The maxi-scooter scene in Japan borders on the lunatic fringe, as the two-wheeled segment is over-saturated with trendy young riders, as full-size motorcycles are too prohibitively expensive for 20-somethings in the island nation. This has created a vibrant tuner and modder community for scooters in Japan, which has spurred some of the most audacious builds we have ever seen. It doesn’t surprise us then to see the zecOO from Kota Nezu of Znug Design.
In the US, you’d be hard pressed to hear someone say that scooters are for the cool kids. The Diet-Coke of motorcycling, scooters get a bum wrap in the two-wheeled world because of their low horsepower, walk-through seat, and their snooze-fest urban practicality. Despite being the perfect way to get around a city like San Francisco, riders looking to make more of a statement usually opt for something along a different train of thought. Ask around your local bike night, and you’ll hear that scooters are only good for new riders, girls, or men who wear pants so tight you can tell their religion.
Well, if that’s been your experience too, then you probably don’t know Boulon. A product of the south of France, Boulon certainly knows how to make scooters look hip (is that the word kids are using these days?) as he shreds this skatepark on his personal transportation device. A well-shot video of some hooligan fun, our only complaint would be the lack of a helmet. Come on Boulon, you have to set an example for the children. Video after the jump.
As fuel prices continue to go up, you might be considering another way to go to the movies, meet your friends for coffee, or run a quick errand. Such is the case in an urban city like San Francisco, and, If you’ve ever visited my beloved city, you know how impossible it is to find parking on a Friday night in a trendy neighborhood like the Mission or the Marina. And if you’re lucky enough to find parking after circling the block for 30 minutes, what if your car doesn’t quite fit that awkward spot between two driveways?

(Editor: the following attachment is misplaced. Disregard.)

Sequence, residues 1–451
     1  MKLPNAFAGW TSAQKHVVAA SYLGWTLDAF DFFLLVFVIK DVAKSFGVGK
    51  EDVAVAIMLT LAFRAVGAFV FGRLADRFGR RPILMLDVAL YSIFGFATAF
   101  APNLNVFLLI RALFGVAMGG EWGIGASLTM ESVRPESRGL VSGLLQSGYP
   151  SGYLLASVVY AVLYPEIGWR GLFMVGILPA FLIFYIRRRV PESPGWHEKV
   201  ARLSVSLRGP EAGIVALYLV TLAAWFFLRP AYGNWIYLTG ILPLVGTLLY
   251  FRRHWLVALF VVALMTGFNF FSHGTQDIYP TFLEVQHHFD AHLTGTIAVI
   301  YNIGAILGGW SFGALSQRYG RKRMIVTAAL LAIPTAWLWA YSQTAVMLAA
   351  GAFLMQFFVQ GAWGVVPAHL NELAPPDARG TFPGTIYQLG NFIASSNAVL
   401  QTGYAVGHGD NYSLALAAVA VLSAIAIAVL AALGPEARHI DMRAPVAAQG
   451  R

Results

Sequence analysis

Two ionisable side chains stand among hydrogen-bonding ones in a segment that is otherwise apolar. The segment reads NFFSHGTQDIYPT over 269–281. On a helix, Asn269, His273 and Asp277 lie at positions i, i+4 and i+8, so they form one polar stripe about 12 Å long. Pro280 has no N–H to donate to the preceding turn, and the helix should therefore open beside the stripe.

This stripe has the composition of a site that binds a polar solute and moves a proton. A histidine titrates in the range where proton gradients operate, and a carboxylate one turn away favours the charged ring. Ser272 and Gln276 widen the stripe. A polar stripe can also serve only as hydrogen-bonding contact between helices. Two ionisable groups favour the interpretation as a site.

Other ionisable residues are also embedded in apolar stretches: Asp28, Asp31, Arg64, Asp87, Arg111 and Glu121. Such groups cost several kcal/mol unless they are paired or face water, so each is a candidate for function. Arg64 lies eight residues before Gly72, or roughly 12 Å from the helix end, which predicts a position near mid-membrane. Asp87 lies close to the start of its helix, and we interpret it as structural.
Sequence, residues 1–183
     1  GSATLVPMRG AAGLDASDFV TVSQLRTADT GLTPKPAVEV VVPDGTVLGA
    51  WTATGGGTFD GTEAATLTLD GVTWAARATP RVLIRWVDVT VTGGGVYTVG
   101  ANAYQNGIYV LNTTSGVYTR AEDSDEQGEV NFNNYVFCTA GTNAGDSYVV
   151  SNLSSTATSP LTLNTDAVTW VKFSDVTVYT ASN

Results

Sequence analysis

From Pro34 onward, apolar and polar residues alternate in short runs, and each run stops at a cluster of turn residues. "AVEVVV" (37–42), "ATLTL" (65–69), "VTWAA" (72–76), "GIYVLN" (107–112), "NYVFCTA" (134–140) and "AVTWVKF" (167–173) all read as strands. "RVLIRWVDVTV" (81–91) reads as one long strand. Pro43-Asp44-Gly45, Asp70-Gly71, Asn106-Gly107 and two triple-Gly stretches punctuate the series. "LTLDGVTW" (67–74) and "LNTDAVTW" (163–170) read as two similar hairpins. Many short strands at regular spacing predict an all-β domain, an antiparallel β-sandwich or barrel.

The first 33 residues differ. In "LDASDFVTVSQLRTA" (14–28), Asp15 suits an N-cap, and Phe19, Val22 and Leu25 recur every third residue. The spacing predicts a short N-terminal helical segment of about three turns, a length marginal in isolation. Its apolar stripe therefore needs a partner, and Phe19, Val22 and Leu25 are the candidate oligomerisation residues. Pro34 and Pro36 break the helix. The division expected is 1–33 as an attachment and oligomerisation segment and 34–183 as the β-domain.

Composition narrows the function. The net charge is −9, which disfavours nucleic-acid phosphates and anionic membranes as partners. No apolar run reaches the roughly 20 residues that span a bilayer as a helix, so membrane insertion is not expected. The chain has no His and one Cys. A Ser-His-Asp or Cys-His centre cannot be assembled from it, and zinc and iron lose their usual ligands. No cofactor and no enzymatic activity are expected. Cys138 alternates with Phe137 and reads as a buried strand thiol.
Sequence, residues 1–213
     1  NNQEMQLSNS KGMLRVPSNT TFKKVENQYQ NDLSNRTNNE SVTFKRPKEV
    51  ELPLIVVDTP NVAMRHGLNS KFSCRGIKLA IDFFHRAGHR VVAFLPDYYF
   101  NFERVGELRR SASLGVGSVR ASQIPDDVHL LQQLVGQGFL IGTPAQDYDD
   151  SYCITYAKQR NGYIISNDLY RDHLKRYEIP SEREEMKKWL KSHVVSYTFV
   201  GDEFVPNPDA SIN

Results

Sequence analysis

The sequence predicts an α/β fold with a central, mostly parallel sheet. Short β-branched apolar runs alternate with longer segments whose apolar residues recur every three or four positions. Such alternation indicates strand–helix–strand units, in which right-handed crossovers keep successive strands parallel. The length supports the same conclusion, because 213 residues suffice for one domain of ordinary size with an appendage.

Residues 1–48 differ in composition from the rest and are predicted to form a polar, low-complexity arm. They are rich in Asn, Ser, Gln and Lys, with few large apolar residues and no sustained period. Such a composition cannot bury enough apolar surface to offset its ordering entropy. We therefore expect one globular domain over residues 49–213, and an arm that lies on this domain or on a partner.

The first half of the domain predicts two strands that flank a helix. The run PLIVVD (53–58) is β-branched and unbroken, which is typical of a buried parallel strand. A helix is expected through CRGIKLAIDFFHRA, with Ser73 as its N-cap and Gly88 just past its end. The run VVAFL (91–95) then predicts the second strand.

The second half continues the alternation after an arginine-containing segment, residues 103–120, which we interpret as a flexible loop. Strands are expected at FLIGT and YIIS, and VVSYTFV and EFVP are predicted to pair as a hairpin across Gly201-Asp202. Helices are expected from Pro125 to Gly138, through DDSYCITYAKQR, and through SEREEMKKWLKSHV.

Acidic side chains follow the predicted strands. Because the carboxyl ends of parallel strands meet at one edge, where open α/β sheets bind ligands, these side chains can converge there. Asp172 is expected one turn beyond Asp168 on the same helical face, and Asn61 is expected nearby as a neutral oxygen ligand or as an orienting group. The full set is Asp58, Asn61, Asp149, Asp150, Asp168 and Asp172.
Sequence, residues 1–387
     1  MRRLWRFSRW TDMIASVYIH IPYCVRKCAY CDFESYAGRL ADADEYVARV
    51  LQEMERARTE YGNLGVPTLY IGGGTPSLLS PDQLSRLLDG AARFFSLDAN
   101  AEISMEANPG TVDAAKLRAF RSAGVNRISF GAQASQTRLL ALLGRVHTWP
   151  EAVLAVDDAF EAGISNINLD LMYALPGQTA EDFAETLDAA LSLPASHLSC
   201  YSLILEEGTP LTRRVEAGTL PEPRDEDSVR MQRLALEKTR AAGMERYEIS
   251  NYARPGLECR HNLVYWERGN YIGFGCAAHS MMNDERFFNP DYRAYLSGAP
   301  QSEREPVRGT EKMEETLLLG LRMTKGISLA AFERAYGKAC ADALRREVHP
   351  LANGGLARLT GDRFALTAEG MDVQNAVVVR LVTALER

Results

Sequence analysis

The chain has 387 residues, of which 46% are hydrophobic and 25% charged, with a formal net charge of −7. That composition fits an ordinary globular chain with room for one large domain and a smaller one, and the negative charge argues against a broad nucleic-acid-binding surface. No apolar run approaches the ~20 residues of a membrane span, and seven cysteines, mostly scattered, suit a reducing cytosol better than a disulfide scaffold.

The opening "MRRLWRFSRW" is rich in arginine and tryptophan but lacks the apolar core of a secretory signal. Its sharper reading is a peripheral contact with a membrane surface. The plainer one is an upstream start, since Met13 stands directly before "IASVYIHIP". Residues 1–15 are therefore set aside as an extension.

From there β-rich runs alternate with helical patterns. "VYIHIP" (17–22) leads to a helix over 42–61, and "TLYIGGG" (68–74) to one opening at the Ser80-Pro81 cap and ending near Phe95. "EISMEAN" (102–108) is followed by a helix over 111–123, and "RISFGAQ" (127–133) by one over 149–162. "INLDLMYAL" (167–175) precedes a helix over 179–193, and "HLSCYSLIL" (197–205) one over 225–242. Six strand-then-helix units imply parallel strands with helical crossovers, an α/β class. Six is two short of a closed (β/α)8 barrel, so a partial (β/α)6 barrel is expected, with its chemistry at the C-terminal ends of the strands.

Imagine pulling up on a scooter, parking within minutes, and walking right into the restaurant without worrying if you’ve made your reservation on time. You leave your helmet and gloves in the storage compartment under the seat, and sit down to dinner a minute or two early even. If that sounds like a better alternative to the usual metropolitan shuffle, a nimble little ride like the Zuma might be the perfect choice for you.
BMW is latching like a lamprey onto the idea of urban mobility in a big way. In addition to debuting the Husqvarna Concept E-go, zie Germans also launched the BMW Concept e at the Frankfurt International Motor Show today. An electric variant of the BMW Concept C we brought you last year, BMW realizes that when it comes to urban people-movers, the electric power train becomes a ripe contender.